Leveraging Aggregate Datasets from Electronic Health Records (EHR) to Assess Burden of Illness in Chicago
thesisposted on 21.10.2015 by Onyinyechi U. Enyia
In order to distinguish essays and pre-prints from academic theses, we have a separate category. These are often much longer text based documents than a paper.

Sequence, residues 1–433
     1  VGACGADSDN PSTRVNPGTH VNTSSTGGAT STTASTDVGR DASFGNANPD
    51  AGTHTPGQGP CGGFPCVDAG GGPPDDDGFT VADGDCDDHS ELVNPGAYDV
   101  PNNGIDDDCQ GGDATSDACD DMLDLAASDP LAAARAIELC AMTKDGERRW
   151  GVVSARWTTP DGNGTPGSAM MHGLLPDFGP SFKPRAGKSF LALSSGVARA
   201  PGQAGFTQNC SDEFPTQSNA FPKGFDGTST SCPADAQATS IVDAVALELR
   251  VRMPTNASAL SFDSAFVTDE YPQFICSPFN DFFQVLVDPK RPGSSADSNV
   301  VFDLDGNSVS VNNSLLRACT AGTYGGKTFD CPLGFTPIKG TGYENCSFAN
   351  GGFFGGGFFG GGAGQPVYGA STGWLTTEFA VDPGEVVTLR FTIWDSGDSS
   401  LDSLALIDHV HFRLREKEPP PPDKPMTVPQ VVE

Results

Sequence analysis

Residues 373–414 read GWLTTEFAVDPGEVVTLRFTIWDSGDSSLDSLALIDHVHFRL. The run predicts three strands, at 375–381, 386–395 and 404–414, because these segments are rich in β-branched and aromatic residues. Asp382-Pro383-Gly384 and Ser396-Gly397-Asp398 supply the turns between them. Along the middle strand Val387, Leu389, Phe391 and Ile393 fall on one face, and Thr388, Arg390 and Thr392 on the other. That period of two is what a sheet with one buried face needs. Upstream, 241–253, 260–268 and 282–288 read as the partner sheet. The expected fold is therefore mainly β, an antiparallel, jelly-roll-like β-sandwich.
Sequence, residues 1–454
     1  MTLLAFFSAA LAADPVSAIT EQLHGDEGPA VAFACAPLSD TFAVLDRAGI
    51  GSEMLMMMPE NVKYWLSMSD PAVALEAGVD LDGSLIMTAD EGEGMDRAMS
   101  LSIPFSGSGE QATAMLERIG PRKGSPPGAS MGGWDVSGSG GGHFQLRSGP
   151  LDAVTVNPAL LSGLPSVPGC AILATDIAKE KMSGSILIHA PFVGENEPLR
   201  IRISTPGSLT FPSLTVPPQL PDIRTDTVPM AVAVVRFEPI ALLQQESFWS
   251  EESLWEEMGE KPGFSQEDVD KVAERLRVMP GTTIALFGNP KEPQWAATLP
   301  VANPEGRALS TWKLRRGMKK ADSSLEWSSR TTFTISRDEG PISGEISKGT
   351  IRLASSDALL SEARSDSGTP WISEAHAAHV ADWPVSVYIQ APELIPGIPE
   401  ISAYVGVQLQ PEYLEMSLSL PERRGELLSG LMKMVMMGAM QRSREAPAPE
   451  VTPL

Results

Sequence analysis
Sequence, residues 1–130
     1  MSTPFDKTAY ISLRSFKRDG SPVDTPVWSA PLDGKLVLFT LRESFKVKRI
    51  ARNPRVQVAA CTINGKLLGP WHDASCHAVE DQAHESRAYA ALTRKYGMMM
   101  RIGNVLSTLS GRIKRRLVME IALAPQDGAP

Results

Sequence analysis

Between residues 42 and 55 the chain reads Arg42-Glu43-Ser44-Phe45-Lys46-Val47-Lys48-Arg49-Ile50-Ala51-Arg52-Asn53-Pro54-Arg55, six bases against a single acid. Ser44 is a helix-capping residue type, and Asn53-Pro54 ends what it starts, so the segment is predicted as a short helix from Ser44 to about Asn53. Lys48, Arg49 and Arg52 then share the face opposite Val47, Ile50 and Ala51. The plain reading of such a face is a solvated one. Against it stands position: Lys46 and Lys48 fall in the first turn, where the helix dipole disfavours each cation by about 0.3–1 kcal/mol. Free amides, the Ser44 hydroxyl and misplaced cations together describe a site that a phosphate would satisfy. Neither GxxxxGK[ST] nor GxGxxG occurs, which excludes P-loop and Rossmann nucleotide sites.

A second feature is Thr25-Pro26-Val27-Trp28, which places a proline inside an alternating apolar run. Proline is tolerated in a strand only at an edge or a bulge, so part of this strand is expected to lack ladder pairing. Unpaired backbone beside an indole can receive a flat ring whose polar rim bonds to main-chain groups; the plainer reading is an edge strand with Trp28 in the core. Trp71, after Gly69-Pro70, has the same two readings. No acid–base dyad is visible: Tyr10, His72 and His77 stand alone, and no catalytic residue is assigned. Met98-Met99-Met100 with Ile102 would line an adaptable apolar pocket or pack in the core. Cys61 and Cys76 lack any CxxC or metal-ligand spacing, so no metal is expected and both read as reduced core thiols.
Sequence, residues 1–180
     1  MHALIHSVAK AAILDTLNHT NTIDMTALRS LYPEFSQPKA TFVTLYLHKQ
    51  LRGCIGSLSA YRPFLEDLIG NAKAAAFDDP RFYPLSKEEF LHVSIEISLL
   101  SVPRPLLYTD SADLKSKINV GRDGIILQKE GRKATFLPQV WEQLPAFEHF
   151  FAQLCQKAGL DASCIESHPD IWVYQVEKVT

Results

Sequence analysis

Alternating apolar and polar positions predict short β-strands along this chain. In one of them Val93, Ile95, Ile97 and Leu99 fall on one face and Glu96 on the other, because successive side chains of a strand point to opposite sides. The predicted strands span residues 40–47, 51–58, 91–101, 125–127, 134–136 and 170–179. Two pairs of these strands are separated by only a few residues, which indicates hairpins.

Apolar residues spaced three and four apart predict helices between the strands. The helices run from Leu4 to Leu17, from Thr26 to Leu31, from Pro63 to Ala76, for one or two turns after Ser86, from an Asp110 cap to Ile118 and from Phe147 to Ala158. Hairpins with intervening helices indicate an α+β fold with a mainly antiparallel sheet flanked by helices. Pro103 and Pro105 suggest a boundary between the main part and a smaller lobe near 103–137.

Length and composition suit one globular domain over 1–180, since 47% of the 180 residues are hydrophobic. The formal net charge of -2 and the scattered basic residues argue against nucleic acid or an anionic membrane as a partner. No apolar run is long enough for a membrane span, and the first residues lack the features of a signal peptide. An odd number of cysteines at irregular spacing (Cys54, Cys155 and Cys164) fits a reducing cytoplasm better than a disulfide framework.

This paper used Electronic Health Record (EHR) data in the Chicago Health Atlas database, coupled with the Department of Health and Human Services Inpatient Prospective Payment System (IPPS) Provider Summary for the top 100 Diagnosis –Related Groups (DRG) for 2011 and visualization software to estimate the economic burden, and visualization of diabetes in Chicago. Data for this study was obtained from the Chicago Health Atlas (CHA) database. CHA is a shared resource with IRB approval to extract data such as diagnoses, medications, and laboratory tests for patients seen at six healthcare institutions throughout Chicago. This data is extracted from the Electronic Health Record, and is de-identified prior to entry into CHA. Patients are assigned a unique cluster ID and were identified as diabetic or pre-diabetic based on the American Diabetes Federation standards of medical care in diabetes. EHR data was accessed through Structured Query Language queries, using local data extraction methods. Total covered charges were calculated, resulting in projected total covered charges, and total payments. Next, diabetic/prediabetic patients along with elements of the built environment were visualized using ESRI ArcGIS to locate diabetes hotspots along with resource density (resources are defined as grocery stores with produce sections, farmer’s markets, and parks) within Chicago. A total of 16,216 diabetic and pre-diabetic patients were identified through CHA. The volume of EHR data provided by the participating institutions offers a representative sample of the entire city of Chicago. Geographic locations with fewer built environmental resources to support a healthy lifestyle were associated with higher prevalence of diabetes/prediabetes.